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I came to painting late.  As a youngster I went to Saturday classes at the Chicago Art Institute and as a young adult did some figure drawing.  But then children plus a career in academia put a stop to that.  It wasn’t until the end of the 1980’s, with retirement around the corner, that doing art again could become a reality.  I started taking classes at the Evanston Art Center: some print-making, some drawing, and finally, thanks to Eleanor  Speiss-Ferris, figure painting in oil.  What a discovery!  In class after class, Eleanor pushed me and pulled me, never withholding the hard truth, but always encouraging.


My husband and I live half the year in Paris, where I studied briefly at the Académie de Port-Royal and then at the time-honored Académie de la Grande Chaumière with M. Artouzoul.  Finally somewhere in the mid-90’s, I found my so-called “voice” and began to enter juried competitions.  Here are some of them:

        1995 - Vintage Vantage; Woman Made Gallery; Chicago, IL

1996 - Human: Figure and Portrait; Kougeas Gallery; East Boston,  MA

1996 - 144 Square” International small painting competition, juried

        by Robert Reed, Professor, Yale School of Art; Erector Square Gallery;

New Haven, CT  (Winner of the Juror’s Choice Award)

1997 - Women’s Caucus for Art National 25th Anniversary Exhibition, juried by Faith Ringgold; Artemisia Gallery; Chicago, IL

1997 - ARC Regional Fourth Annual Exhibition, juried by Ann Sass of the Whitney Museum; ARC Gallery; Chicago, IL

1997 - Women’s Folk Art; Woman Made Gallery, Chicago, IL

Then the Kougeas Gallery in East Boston offered me a one person show, which took place from March 7 to 28, 1998.

In the fall of 1998 I began showing at the Ann Nathan Gallery in Chicago, where I remained until 2012.


The human body is endlessly fascinating to me.  I feel almost compelled to depict it over and over again, hoping each time to capture whatever is particularly beautiful and expressive in each of us.  In my figure paintings, I combine personnages based on drawings made from life, putting them into backgrounds that resonate with parts of my experience:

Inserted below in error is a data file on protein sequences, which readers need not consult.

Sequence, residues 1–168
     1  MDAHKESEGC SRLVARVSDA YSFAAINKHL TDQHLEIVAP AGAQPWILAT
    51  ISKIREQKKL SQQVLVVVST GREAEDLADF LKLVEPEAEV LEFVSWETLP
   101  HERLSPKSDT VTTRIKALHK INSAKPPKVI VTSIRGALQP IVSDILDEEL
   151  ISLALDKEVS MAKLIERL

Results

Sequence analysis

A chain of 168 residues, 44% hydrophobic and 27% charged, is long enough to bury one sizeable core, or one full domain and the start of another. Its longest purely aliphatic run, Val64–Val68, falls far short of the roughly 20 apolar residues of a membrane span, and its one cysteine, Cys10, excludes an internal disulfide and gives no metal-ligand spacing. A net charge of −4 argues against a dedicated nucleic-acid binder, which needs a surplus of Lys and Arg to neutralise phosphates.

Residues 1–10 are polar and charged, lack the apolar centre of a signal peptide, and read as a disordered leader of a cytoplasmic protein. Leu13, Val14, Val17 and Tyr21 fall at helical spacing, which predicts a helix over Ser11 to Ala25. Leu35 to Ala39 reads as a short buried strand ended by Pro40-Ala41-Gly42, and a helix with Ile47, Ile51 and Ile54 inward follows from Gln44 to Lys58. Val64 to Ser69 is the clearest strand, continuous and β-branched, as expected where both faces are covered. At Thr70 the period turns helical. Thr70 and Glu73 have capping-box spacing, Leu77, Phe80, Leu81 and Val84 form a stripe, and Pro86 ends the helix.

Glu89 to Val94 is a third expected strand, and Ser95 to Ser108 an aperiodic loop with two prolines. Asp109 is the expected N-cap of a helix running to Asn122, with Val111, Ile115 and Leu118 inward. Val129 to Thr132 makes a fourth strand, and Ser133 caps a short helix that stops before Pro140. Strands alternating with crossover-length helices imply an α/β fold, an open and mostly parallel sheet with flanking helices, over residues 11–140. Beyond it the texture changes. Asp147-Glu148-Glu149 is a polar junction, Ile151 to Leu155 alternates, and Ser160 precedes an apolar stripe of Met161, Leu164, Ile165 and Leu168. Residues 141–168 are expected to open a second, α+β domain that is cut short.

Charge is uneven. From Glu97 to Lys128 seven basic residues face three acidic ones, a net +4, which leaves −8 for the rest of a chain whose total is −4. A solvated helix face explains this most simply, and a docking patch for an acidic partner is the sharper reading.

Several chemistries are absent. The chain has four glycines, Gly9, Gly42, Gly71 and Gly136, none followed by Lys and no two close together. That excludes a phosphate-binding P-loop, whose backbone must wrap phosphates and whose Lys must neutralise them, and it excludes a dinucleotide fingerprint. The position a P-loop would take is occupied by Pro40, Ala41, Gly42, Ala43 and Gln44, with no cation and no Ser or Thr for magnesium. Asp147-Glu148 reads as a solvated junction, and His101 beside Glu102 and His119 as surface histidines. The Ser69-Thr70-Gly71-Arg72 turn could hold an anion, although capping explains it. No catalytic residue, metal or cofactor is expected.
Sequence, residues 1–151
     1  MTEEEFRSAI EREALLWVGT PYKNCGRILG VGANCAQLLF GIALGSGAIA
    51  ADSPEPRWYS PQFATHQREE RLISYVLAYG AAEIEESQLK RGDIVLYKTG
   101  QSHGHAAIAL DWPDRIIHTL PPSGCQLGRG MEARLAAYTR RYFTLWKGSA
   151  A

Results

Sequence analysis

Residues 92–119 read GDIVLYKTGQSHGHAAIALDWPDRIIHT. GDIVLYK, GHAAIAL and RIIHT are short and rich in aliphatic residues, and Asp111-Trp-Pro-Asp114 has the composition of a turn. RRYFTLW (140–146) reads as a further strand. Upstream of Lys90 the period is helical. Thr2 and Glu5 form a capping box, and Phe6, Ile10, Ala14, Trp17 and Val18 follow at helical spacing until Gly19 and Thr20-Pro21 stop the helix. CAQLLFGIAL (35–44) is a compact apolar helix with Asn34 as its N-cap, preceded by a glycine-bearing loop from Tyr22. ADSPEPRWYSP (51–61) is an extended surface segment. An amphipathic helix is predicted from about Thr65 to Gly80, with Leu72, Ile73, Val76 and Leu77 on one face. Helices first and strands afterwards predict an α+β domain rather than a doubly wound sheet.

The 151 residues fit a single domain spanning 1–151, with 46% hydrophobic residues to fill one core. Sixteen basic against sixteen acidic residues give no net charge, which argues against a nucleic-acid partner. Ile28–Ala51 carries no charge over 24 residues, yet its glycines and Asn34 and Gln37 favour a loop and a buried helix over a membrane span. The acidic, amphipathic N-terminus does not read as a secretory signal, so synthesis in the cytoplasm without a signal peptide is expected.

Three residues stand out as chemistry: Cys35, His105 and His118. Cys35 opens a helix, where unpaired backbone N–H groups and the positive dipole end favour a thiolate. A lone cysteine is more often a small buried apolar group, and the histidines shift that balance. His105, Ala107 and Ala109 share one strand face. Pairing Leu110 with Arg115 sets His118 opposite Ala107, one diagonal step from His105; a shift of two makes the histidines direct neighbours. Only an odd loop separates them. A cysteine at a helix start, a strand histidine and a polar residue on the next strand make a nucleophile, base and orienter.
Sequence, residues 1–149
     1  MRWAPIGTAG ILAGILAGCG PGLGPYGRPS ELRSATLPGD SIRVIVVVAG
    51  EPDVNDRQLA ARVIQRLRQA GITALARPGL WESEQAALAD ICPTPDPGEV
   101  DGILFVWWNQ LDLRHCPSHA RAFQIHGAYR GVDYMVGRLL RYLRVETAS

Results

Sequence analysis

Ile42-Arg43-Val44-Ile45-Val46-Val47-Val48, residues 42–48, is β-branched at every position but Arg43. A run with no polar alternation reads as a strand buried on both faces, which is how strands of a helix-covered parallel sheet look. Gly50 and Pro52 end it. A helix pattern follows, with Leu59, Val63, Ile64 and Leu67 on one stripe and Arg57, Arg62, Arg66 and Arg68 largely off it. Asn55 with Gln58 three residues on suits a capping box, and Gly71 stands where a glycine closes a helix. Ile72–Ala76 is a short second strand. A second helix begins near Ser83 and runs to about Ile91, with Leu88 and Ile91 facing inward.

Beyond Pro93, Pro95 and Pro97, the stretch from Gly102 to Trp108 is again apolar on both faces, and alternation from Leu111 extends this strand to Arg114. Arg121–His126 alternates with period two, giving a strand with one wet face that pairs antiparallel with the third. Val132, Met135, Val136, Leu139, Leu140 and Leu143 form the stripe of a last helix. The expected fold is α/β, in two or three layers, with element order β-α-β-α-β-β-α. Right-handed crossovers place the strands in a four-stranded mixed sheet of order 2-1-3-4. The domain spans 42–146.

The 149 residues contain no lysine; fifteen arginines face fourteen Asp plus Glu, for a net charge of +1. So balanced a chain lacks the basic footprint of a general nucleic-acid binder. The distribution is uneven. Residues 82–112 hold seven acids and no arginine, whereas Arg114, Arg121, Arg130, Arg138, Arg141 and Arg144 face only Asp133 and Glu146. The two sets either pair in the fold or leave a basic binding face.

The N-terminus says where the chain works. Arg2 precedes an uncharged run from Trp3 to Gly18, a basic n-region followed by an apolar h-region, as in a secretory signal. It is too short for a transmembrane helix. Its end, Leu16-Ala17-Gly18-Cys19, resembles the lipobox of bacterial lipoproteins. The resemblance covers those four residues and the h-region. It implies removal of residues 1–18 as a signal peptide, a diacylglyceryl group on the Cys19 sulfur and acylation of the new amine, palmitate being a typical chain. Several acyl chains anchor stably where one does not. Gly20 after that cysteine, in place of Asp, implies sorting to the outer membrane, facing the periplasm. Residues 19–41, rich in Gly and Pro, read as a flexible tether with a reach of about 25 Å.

Chicago brick buildings, old radiators, crooked shades, checkerboard floors and the like.

I think I could choose the title of “Disconnections” for most of my little figure paintings.  Why disconnections?  It seems to me that being “connected” or not connected is a basic issue these days.  In some ways, we appear to be more connected than ever:  to our headsets, to our cell phones, to our computer games, to our e-mail, to our videos, etc.

That’s all pretty easy.   But how are we connecting to each other?  Surely we spend significant amounts of time in the same physical space as others.  But do we experience connection, or do we experience disconnection, as in a kind of Sartrean “No Exit”? I think that my paintings are an attempt to work through some of these issues in a personal way.

Much as I’d like to, I can’t begin to explain or account for this approach to painting in terms of my past or present.  I suppose if I could explain, I wouldn’t have to paint.  People sometimes mention that my work brings to mind Balthus and Hopper.  I am enormously flattered, of course, since these are two of the painters I most admire.  But whatever my sources – personal or exterior – making these images has brought me joy and satisfaction.  Now it is up to each viewer to react on his or her own terms.

                                                                                                                                Barbara Mittman


P.S. I can be contacted by e-mail at: barbara@mittman.org

This website was designed and constructed by Ben Mittman, to whom I am grateful.


About the Artist

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